Schoharie County NYGenWeb Site

Timeline of Palatine Immigration

Submitted by OHDSmith


Aug. 12th:
Gerhart Walrath & Anna Maria Reffi are married.
Great, Great, Great, Great Grandparents of John Delos Smith


Mar. 15th:
Johann Adolph Walrath is born to Anna and Gerhart Walrath at Niederhausen.
90 km south - west of Frankfurt
Great, Great, Great Grandfather of John Delos Smith


The benevolent Queen Anne formed the design for the protection of her transatlantic frontier, by establishing new settlements, for displaced Lutheran and Protestant families of the German Palatine who were allies in King William's War 1684-97 ( England, Holland & Germany ) "the Grand Alliance" and Queen Anne's War "the Spanish Succession" 1700-13 against Louis XIV King of France ( Roman Catholic Church ). Schenectady in 1690 was destroyed by a force of French and Iroquois Indians from Canada. She sent 10 ships to New York and promised to settle them in the Schoharie Valley on land offered by the Mohawk Indians.

June 14th:
2,600 Palatines, driven from their homes by the ravages of two wars and religious persecution ( the Palatinate is along the Rhine river ), arrived at Nutten Island ( Governors Island ). Huts were constructed and after a period of quarantine, they moved up the Hudson River valley 100 miles to seven camps.
List - Master Conrad Weiser's camp was at Queensbury.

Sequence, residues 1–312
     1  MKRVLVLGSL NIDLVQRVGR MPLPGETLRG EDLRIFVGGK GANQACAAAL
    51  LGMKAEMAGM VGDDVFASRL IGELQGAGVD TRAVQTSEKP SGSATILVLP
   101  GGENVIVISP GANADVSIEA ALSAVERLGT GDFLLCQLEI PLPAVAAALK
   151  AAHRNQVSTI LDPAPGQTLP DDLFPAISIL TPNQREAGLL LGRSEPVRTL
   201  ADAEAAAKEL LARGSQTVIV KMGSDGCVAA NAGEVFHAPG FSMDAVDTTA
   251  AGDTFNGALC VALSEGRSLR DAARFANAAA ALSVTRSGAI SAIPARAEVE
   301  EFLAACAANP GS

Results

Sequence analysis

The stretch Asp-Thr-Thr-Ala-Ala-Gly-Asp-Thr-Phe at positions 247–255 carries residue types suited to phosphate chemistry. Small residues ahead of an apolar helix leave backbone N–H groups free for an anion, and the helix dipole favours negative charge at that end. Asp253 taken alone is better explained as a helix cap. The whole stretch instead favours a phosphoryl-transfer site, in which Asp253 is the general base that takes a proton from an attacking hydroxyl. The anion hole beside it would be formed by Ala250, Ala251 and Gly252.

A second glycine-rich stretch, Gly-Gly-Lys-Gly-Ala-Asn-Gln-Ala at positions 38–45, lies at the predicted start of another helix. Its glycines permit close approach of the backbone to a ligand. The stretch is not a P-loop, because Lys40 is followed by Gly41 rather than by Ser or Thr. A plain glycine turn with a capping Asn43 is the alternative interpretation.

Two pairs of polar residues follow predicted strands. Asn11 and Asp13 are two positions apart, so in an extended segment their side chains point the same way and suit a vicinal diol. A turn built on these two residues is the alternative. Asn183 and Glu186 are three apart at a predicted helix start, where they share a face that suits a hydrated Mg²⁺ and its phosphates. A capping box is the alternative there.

July 4th:
Gerhardt Walrath made his appearance on Governor Robert Hunter's list of "Palatine Heads of Families" as 2 persons over 10 and 2 persons under 10.


John Conrad Weiser and other Palatine soldiers and families move to strengthen ye garrison at Albany, for the protection of the citizens against the French & Huron Indians.
About the same time 50 Palatine families were working to clear the way thru' the woods, a 15 mile trail to the promised land, Schoharie.
Along Rt. 146 about 1 mile south of Rt. 20, a NY Historical Marker locates the original 1712 Palatine road to Schoharie.
The numbers of Germans who came hither to were more, than the land already granted them by the Indians. Gentlemen of Albany having purchased land around them, to hem them in.


The Palatines in conclusion that neither kindness nor justice was to be expected from the Gentlemen of Albany, and that appeal must be made to a higher power. To this end they appointed three of their best men to go to London and lay their grievances before King George. The departure of deputies John Conrad Weiser, William Scheff and Gerhart Walrath had to be by stealth. They sailed from Philadelphia, but their ship was overtaken by pirates. The pirates stripped the ship of everything valuable, leaving only clothing sufficient for their nakedness. When released, the ship sailed to Boston for new supplies and upon reaching London the Palatine deputies were forced to live on kindness and credit. 
These did not stead them very long, the hoped-for supply of funds from America was delayed, and the poor unfortunates were imprisoned for debt. There they suffered great misery, in the midst of which, and by force of which, Walrath died. Hunter himself had returned to London to recoup his fortune. He falsely claimed that the Palatines had taken possession of lands in Schoharie already granted to others. He pointed out that the proprietors had only a modest rent. His suggestion that they be offered other lands on the frontier was adopted. Weiser came back to New York in 1723.

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